Although accumulating studies of modern radiotherapy methods (IMRT and VMAT) show their superiority to conventional radiotherapy techniques, their limitations include high cost, increased staff burden, longer time for treatment planning, and risks of marginal misses [12]. Our study had several limitations, including its retrospective design. The patient population was heterogeneous in terms of stage subgrouping, tumor histology, and characteristics. Patients did not receive uniform chemotherapy nor multimodality treatments. The median follow-up duration was 44 months; as such, longer follow-up times may be required to further investigate patient outcomes.

Conclusion

Our data support the indication of adjuvant treatment for women with optimally resected stage III endometrial cancer despite the abovementioned limitations. In the era of modern radiotherapy, adjuvant radiotherapy alone or in combination with chemotherapy was found to be associated with improved survival and may be particularly beneficial for patients > 60 years of age as well as those with endometrioid histology, lymphovascular space invasion, and ≥ 2 positive lymph nodes. These findings may be further investigated in prospective clinical trials.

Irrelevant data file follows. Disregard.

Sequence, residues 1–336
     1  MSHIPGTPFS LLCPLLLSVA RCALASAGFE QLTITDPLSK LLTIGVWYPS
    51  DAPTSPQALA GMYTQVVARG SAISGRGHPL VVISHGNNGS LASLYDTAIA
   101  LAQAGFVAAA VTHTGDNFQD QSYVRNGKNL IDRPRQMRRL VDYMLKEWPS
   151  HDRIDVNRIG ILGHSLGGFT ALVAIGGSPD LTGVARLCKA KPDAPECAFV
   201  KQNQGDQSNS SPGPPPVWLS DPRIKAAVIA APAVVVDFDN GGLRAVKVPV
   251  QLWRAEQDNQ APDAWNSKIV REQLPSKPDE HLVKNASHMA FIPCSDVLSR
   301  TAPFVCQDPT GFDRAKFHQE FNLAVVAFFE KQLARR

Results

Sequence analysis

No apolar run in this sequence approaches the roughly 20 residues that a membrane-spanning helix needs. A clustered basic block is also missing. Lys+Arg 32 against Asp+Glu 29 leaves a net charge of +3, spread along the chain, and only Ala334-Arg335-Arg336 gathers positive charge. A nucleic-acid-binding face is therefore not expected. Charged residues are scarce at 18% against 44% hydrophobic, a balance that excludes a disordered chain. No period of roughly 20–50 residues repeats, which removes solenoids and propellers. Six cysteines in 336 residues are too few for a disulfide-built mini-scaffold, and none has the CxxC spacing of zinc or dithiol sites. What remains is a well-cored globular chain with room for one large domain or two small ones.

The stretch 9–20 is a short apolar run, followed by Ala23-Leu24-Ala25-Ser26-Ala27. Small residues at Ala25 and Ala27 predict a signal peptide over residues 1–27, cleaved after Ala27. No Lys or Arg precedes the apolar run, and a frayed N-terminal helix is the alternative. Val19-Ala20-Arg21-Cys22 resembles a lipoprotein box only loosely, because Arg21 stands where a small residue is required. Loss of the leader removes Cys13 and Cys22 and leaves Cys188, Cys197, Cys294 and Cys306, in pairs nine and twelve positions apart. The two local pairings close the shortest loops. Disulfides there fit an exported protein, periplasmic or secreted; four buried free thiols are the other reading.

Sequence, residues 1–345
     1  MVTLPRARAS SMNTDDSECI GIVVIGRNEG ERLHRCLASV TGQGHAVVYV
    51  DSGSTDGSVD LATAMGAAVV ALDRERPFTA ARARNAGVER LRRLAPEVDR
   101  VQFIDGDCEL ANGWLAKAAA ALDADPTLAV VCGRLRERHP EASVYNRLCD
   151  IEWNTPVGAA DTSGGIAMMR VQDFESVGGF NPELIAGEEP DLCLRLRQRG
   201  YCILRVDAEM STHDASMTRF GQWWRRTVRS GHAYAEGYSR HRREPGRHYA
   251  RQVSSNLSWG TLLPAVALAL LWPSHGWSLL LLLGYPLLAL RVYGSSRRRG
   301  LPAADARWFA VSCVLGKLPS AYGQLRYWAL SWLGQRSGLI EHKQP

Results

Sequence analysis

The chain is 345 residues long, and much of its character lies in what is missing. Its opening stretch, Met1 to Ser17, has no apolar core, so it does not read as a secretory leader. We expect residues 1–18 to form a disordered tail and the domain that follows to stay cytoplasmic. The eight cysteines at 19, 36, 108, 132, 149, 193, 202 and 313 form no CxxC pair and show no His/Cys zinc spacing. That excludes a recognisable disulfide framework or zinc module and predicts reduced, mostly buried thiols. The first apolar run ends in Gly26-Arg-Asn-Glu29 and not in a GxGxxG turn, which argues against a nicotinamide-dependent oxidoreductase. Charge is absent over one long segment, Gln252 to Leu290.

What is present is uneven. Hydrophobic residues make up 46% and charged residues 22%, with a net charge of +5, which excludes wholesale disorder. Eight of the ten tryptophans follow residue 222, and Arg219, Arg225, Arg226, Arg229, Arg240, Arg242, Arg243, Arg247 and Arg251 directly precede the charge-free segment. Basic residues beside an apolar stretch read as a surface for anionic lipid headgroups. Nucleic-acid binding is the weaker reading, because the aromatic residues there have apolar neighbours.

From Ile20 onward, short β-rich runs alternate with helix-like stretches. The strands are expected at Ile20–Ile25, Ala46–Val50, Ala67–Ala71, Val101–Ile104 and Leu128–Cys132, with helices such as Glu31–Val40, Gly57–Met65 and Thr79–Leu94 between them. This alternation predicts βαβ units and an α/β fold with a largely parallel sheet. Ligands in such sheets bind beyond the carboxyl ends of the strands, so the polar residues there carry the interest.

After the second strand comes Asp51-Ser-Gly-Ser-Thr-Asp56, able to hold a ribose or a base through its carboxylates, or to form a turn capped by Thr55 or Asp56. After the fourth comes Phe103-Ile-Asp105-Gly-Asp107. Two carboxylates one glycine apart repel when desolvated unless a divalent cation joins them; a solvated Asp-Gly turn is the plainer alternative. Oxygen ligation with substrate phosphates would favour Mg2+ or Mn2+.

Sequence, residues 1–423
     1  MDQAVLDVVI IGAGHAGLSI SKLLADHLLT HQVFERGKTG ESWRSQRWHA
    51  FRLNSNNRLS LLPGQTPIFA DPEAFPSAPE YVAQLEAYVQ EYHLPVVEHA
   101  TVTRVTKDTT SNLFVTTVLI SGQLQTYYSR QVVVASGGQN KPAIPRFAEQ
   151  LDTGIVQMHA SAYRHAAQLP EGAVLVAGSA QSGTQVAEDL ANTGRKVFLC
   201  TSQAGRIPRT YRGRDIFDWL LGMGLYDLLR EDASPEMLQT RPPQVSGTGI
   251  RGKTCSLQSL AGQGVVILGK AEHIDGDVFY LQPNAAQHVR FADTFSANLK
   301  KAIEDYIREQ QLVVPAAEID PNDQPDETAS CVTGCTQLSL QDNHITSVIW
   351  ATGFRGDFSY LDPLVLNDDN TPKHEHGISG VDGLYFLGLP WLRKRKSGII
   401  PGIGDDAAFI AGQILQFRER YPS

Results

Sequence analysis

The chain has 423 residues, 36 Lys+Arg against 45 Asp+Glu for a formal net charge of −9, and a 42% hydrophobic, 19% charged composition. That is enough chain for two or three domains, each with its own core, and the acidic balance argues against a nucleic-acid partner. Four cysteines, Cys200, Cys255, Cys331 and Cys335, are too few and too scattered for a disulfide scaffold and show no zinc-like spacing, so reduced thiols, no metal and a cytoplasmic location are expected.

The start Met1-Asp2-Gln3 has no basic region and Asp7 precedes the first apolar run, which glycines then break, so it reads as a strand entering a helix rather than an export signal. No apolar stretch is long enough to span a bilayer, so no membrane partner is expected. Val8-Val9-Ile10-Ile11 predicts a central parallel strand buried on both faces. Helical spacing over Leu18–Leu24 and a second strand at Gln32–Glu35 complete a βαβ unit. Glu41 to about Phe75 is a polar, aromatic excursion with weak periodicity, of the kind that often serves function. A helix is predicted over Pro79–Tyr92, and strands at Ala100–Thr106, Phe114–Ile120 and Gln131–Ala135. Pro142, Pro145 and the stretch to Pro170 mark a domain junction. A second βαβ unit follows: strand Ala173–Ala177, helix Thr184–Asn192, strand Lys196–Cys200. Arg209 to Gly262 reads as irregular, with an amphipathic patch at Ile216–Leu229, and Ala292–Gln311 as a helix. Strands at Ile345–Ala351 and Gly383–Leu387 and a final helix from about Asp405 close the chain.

Availability of data and materials

The data that support the findings of this study were used under license from the National Taiwan University Hospital Healthcare System database, and so are not publicly available. Limited data are available from the corresponding author on reasonable request.